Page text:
Ecuador’s leader hotly denies FARC gave him money


Ecuador's President Rafael Correa, shown in a June photo, says a probe into FARC's claims will clear his name.
Ecuadorian President Rafael Correa denied Saturday that a Colombian guerrilla group donated money to his 2006 presidential campaign, asking his country’s civil commission to investigate the allegation.

Colombian media broadcast a 2008 video Friday in which guerrilla leader Víctor Julio Suarez Rojas, better known as Mono Jojoy, said the Revolutionary Armed Forces of Colombia donated money to Correa’s campaign. The guerrilla group, known by its Spanish acronym FARC, also has had conversations with Correa’s emissaries and has reached “some accords, according to documents that we have,” Suarez said in a videotape. Correa denied the allegations and said he wants the nation’s civil commission to see “if the Ecuadorian government, if the Alianza PAIS [political party] has received 20 cents from any foreign group, not just from the FARC.”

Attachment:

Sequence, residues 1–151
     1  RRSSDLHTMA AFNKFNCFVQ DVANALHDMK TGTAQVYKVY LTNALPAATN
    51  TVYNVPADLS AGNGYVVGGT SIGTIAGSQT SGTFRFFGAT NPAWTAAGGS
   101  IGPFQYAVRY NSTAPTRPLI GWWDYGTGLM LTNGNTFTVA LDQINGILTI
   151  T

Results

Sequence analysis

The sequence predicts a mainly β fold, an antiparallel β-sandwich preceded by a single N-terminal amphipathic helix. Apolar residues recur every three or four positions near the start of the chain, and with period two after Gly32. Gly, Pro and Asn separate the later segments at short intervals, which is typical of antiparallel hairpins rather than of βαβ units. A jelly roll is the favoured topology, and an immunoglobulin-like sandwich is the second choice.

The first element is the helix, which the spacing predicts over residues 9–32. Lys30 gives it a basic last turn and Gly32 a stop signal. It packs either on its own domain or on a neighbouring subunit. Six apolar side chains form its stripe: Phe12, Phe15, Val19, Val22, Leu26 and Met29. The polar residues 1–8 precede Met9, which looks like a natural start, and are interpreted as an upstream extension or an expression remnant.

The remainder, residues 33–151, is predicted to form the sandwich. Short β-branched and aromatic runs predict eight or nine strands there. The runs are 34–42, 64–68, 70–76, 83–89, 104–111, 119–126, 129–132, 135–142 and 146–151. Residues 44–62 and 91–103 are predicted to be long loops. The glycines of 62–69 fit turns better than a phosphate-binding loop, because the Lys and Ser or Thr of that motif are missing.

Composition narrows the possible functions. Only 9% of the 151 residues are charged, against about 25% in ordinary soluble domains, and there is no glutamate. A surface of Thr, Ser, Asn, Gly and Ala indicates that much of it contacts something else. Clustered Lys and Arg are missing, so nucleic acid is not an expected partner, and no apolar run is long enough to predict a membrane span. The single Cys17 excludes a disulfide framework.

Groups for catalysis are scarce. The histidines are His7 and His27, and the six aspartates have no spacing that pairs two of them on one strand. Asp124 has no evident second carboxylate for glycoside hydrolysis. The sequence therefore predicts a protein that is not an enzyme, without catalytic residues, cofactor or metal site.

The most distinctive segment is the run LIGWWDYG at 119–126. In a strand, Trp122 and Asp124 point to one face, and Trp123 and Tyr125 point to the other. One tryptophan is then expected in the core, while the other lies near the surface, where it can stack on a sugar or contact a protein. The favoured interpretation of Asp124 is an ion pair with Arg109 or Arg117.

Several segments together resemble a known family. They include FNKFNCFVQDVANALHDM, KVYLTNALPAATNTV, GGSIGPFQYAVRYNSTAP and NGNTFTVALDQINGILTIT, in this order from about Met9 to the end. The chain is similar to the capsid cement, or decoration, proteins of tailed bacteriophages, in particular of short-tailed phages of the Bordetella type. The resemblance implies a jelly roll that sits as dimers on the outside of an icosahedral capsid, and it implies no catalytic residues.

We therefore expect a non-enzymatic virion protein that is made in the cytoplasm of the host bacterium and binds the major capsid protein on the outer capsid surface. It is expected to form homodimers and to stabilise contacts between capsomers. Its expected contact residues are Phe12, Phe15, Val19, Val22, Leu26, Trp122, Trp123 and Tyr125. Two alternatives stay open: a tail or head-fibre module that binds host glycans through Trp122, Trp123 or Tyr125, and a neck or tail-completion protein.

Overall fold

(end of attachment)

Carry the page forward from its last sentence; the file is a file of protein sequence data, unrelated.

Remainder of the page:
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The leftist president said that during the campaign, some opponents accused him of receiving money from leftist Venezuelan President Hugo Chavez, from drug cartels and from the FARC. “They just don’t know what else to say,” Correa said. “It is up to you to decide who to believe: the same people as usual or those who endanger their lives to save the country.”

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